The approval would have allowed members of the Saudi Royal Guard to enter the United States on visas processed by the American embassy in Riyadh. The path is similar to that of Second Lt. Mohammed Alshamrani, a Royal Saudi Air Force officer who opened fire in 2019 at a naval air base in Pensacola, Florida, where he received military flight training. Three people were killed and eight injured in the attack.
The Tier 1 group was formed to train U.S. military personnel using an expanded Pentagon budget to train military personnel in basic counterinsurgency skills, according to former American officials familiar with their operations.
One of the company’s founders, Steve Reichert, a former Marine, was working as an instructor for the security company then known as Blackwater when he met Mr. Feinberg. With the support of Mr. Feinberg, Mr. Reichert founded the Tier 1 Group, according to Mr. Reicherts Foundation balance sheet 2020 and former intelligence officials familiar with the effort.
But as the US military training budgets began to shrink, the company, like other private security companies, began to look for new customers. In 2014, it began training foreign military units, including Saudis.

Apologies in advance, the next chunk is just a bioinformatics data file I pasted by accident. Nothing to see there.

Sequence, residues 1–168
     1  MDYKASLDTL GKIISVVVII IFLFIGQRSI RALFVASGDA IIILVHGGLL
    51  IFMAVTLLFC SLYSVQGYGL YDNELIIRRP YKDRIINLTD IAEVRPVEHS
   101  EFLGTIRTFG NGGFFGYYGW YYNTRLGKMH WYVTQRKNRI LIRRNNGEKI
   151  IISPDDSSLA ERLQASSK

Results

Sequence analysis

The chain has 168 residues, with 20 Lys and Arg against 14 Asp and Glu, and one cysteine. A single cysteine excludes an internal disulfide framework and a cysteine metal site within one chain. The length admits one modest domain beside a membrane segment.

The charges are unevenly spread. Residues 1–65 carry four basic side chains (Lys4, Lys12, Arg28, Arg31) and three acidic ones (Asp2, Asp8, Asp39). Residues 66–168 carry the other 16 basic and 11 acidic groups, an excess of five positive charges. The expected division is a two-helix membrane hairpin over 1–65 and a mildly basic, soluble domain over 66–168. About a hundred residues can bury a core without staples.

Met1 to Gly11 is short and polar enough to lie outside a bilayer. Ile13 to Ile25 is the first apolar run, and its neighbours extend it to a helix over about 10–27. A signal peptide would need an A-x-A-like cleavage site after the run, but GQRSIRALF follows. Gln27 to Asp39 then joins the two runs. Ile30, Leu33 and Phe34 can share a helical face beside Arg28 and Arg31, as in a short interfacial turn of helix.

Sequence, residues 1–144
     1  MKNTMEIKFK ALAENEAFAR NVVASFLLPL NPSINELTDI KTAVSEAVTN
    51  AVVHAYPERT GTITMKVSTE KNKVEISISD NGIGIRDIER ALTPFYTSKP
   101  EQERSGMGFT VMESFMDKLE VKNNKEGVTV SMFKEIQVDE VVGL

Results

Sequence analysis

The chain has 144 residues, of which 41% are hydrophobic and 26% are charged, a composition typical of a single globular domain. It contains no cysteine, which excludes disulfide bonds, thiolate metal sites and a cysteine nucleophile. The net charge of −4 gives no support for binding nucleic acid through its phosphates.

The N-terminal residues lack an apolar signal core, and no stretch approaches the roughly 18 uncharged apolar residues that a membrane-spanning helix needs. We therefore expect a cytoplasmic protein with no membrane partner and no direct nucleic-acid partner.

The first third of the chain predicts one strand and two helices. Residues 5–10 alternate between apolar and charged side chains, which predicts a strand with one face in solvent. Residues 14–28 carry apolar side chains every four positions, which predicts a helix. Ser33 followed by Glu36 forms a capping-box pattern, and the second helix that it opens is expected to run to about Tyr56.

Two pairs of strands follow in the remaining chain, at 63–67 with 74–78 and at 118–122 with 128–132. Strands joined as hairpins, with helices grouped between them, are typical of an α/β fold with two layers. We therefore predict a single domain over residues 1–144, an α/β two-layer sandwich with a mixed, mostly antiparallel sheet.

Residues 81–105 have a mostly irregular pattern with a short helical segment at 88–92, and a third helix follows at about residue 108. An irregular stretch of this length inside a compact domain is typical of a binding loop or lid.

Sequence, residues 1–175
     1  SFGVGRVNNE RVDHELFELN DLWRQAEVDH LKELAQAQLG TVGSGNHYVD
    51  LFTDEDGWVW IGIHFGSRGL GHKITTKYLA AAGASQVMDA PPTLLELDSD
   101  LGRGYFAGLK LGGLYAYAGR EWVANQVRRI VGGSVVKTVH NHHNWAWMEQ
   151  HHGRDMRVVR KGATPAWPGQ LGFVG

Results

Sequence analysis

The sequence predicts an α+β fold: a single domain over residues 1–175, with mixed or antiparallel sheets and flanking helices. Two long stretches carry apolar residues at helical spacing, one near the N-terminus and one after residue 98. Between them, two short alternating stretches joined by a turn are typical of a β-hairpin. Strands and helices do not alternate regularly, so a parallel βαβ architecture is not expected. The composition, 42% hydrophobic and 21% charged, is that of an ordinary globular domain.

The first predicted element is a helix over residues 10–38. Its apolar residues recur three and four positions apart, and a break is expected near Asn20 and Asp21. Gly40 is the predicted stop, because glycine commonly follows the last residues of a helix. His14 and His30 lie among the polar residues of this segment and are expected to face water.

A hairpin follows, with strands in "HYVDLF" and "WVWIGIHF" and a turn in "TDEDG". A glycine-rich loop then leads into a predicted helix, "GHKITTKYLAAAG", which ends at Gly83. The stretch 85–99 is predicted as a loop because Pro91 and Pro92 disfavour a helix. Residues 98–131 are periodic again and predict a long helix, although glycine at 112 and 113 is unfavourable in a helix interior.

Decisions about licensing American firms to train foreign nationals are usually made after receipt of numerous government agencies, said R. Clarke Cooper, assistant secretary of state for politico-military affairs during the Trump administration. The Pentagon and intelligence agencies often play a role, he said.
“These things don’t just come out of the ether,” he said.
Mr Cooper said he could not recall any discussion of the Saudis’ training in the Tier 1 group even after Mr Khashoggi was murdered. He said there was intense reflection within the Trump administration on how to respond to the murder after the government concluded that Prince Mohammed most likely approved it.
In the end, he said, government officials did not want to gamble away America’s relationship with the kingdom – and its strategy of isolating Iran – by adopting a clumsy approach after Mr Khashoggi’s death.
“No government is going to silence a significant bilateral relationship because of this murder, no matter how awful it was,” he said.
Adam Goldmann Reporting contributed.